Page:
TULSA — Here in the hot hills of northeast Oklahoma, Phil Mickelson once entered the players’ locker room at the end of the 2001 U.S. Open and stood at a sink in front of a mirror at 0 for 33 as a pro in major tournaments, his face epitomizing that athletic combination of spent and bummed.
Surely now for the 104th PGA Championship at this same Southern Hills, he would appear for a mass feting at a fine 6 for 115 in majors, a curtain call to his historic bow at Kiawah Island in South Carolina last year, where giddy swarms with beery veins followed golf’s oldest major winner ever up No. 18 beside the Atlantic.
Instead, while other defending champions have missed the defending part because of injury — Rory McIlroy at the 2015 British Open and Tiger Woods at the 2008 PGA, to name two — Mickelson has become the first to miss out because he made some vile comments about murder and execution published three months prior. It’s another nadir in his newfound role as ignoble recluse who has missed both the Masters and the PGA in firestorm avoidance.
This should be a celebration, right?” McIlroy said of Mickelson on Tuesday. “He won a major championship at 50 years old. It was possibly his last big moment in the game of golf. He should be — I think he should be here this week and celebrating what a monumental achievement he achieved last year. It’s unfortunate. It’s sad. Yeah, I don’t know what else I can say.”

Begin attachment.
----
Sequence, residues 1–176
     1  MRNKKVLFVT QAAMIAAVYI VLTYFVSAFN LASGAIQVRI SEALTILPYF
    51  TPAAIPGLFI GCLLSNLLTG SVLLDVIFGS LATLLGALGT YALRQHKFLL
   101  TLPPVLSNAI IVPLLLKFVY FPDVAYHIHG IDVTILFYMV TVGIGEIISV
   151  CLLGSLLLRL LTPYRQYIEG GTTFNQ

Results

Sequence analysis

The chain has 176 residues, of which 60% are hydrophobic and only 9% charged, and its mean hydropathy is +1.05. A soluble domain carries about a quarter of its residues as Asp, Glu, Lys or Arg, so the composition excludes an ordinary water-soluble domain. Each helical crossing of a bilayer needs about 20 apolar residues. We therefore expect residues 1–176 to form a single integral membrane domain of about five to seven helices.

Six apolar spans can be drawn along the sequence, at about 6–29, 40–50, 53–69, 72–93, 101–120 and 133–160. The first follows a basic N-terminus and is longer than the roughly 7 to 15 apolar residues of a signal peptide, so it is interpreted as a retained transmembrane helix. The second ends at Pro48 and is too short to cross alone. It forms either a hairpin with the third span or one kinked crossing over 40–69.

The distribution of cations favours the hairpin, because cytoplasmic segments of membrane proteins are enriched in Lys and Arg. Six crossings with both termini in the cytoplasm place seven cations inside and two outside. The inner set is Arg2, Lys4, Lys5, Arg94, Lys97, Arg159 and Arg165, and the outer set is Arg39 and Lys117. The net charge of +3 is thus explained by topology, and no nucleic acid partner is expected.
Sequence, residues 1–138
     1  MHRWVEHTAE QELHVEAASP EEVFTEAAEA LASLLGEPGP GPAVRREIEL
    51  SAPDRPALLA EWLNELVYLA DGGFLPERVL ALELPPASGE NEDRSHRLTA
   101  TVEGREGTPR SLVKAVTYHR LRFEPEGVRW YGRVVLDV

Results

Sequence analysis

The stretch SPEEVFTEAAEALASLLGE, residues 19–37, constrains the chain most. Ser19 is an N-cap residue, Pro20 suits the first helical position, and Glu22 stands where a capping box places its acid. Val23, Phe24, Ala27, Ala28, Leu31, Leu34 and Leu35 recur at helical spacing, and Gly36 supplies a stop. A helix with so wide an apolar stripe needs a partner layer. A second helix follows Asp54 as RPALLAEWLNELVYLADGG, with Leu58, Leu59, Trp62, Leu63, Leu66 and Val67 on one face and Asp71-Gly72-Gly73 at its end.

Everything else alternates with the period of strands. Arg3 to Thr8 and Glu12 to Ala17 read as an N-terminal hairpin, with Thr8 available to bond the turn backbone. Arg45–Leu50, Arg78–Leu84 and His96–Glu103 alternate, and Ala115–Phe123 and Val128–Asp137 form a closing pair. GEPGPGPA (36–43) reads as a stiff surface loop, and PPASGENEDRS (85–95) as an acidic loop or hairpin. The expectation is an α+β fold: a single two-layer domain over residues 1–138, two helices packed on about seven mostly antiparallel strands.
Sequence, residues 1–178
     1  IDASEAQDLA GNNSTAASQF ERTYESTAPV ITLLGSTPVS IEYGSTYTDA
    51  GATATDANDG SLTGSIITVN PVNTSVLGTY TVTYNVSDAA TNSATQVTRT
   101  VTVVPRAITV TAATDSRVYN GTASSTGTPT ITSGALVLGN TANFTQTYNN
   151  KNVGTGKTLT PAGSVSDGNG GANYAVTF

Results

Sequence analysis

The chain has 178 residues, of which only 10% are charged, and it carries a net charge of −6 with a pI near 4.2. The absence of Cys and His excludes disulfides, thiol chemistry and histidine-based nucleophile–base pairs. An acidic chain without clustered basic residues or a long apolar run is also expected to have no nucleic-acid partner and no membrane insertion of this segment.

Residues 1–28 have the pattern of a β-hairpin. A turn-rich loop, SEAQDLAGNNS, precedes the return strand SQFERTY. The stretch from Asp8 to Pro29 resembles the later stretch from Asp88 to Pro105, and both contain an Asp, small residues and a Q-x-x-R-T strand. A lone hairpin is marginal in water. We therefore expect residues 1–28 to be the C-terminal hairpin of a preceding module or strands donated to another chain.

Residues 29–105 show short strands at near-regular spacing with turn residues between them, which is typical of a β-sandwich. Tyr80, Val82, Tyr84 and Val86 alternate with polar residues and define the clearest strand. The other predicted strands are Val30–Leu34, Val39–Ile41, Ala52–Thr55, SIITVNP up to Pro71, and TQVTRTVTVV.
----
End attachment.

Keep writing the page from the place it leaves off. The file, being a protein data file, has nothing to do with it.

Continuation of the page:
Here, his shouting absence doubles as the “elephant in the room,” as PGA of America CEO Seth Waugh put it. Here, other people talk about him while he doesn’t talk about himself. Young comer Viktor Hovland called it “a bizarre situation, that’s for sure.” Longtime major-chaser Rickie Fowler called Mickelson’s self-inflicted plight “a rough go the last few months, a tough situation to be in,” and said, “It’s unfortunate that he didn’t feel like it’s the place that he should be right now.” Top-shelf golfers such as Jon Rahm and Justin Thomas said gently that they really didn’t have anything to say.
Brooks Koepka — who tied for second, two shots behind Mickelson, last year and won this event in 2018 and 2019 among four major titles — went his usual imperturbable route.
“Not here,” Koepka said of Mickelson. “There’s really not much else I can say.”
A few questions later, he did add something, which is that he expected more of himself than tied for second. “Last year I felt like [I] gave it away,” he said. “I didn’t put any pressure on him. I missed a two-foot putt on hole 4 or 3 or something like that and didn’t put any pressure all the way going through. Just didn’t do anything and just handed it to him.”
That said, Mickelson still does get to keep the 2021 title.
“Look,” said Waugh, whose organization runs the PGA Championship, “no one was more excited than us last year when Phil had his epic win, right? It’s amazing. He’s done something nobody else has ever done and win a major at 50. It was one of the great moments in golf, and we’ll never sort of forget it. We certainly looked forward to him defending. He’s not here. …